Children are given special protection under GDPR, especially in social media or commercial services.
You should check if you need to implement age validation in place to verify individual's age, as you might need to obtain parental or guardian consent to process children's personal data.
GDPR defines the age at which children can give consent on their own without involving a parent or guardian at 16 (it's 13 in the UK). If the child is under this age, you need to obtain parental or guardian consent.
This could be a very important issue for your organisation if you process children's data by offering online services. Consent must be verifiable, and the privacy notice needs to be written in a language appropriate for the audience it is intended for.
All the above is of course relevant if the lawful basis under which you process children's data is consent. For other alternatives you should consider if the child can understand and consent for themselves.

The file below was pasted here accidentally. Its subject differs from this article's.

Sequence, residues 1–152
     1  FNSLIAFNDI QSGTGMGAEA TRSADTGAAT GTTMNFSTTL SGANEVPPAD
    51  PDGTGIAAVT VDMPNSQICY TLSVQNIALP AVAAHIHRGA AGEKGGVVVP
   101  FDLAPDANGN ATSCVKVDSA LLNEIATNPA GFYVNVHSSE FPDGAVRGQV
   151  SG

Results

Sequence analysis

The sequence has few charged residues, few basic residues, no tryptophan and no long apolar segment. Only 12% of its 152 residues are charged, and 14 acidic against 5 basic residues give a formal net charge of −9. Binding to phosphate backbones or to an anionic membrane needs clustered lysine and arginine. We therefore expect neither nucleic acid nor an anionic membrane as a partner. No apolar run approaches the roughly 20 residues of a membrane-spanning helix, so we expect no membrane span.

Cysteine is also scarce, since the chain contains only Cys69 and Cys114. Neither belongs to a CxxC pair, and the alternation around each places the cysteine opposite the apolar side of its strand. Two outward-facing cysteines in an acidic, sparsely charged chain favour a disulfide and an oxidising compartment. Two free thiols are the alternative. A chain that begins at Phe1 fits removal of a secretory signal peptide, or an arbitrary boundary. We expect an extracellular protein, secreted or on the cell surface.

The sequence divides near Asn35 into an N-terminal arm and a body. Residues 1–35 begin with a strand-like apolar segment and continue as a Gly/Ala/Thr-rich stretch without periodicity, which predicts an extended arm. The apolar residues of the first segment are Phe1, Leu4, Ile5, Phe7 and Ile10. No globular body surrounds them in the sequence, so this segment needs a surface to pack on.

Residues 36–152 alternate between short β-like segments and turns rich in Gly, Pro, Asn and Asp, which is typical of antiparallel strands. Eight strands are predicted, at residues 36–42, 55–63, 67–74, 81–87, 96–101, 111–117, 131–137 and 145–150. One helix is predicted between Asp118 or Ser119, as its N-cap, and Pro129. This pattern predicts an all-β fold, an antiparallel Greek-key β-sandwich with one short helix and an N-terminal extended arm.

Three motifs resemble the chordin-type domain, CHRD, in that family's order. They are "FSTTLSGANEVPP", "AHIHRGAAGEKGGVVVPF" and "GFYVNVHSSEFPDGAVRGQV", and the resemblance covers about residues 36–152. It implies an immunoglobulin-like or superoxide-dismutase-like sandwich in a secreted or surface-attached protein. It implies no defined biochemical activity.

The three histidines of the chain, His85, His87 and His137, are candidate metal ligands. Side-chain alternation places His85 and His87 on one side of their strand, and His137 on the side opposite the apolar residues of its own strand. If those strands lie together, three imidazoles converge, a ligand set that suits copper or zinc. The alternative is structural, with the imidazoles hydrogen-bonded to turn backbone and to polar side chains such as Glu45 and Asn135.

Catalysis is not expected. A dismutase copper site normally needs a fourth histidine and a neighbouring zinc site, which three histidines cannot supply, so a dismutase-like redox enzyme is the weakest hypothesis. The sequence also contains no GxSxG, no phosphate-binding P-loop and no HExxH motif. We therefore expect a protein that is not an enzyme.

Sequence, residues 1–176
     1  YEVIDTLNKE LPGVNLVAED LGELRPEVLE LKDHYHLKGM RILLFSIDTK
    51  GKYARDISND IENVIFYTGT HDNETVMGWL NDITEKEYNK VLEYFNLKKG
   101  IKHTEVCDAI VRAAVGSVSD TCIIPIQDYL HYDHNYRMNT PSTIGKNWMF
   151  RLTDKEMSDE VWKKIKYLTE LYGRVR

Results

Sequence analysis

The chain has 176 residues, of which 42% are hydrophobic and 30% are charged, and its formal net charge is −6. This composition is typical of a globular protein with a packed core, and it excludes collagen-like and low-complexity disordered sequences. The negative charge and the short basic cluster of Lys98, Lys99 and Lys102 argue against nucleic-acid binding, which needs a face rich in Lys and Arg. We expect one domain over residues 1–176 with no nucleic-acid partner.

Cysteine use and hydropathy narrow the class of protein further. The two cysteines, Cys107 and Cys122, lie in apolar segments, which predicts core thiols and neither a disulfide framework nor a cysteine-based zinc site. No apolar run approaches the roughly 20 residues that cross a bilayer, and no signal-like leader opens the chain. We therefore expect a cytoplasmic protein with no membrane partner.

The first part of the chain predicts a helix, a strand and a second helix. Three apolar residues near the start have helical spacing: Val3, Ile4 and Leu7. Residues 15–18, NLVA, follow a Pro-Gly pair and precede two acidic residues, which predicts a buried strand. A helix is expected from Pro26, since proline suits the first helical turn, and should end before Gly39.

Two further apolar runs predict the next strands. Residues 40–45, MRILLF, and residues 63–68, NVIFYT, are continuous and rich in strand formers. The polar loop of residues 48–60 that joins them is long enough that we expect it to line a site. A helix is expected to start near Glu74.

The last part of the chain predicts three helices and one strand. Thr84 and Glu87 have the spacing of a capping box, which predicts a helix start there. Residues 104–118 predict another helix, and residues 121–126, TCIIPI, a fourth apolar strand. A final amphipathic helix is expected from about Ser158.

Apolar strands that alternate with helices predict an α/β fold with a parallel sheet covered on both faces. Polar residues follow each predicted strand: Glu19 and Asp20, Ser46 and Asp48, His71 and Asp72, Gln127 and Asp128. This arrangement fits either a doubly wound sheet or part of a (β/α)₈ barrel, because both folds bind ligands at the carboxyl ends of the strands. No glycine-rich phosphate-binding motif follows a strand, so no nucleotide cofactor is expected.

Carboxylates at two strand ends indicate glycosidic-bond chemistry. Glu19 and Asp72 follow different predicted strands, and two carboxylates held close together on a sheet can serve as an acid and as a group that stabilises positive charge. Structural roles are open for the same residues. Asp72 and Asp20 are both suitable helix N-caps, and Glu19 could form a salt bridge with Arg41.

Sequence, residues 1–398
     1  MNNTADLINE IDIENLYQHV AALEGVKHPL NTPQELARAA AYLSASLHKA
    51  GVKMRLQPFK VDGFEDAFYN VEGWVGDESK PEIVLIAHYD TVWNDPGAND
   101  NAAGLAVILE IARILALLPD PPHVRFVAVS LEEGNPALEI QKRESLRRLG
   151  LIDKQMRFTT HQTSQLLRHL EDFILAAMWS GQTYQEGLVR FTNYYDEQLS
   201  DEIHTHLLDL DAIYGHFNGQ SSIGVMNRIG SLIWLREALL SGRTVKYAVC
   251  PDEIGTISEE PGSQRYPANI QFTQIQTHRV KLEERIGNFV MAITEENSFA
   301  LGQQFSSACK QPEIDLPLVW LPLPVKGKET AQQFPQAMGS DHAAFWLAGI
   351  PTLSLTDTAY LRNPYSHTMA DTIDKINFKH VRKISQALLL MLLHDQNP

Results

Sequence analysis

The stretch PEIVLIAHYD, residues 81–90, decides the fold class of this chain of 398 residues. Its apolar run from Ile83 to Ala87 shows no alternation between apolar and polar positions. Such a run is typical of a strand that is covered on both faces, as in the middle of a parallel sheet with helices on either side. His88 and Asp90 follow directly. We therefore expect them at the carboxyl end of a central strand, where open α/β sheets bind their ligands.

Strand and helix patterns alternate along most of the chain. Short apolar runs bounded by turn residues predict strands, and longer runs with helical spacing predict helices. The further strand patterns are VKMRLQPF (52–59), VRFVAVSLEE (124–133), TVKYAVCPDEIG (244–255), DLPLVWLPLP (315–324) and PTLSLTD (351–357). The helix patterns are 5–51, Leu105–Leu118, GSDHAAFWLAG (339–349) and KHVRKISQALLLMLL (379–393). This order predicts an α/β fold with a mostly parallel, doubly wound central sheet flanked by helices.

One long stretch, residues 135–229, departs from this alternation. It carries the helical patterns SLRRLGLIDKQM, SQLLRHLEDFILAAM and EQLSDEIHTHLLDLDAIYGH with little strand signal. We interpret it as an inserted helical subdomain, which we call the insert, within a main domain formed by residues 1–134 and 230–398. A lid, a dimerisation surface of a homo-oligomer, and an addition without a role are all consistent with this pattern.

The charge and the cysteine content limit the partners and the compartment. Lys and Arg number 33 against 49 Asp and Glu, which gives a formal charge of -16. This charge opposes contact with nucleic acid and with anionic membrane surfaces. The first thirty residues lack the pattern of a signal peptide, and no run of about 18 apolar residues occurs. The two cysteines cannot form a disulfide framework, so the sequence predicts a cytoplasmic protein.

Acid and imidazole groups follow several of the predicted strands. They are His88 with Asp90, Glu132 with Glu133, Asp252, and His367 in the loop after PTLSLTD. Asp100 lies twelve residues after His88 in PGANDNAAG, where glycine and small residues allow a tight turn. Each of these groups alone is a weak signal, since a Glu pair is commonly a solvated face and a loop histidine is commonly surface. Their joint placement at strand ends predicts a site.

This is referred to as the Gillick competency test, or alternatively, the Fraser Guidelines, which refer to a 1982 English court case where a mother took the West Norfolk and Wisbech Area Health Authority to court to attempt doctors to stop giving sexual advice to a child under 16.
It is important to keep in mind that you need to strike a balance between children's rights with your responsibilities to keep children safe from harm.
If you have any doubts regarding these issues, it is always a good idea to get advice from the ICO. They will be able to tell you either way if you should seek parental consent for the activity you want to offer.
GDPR is coming into force on 25th May 2018
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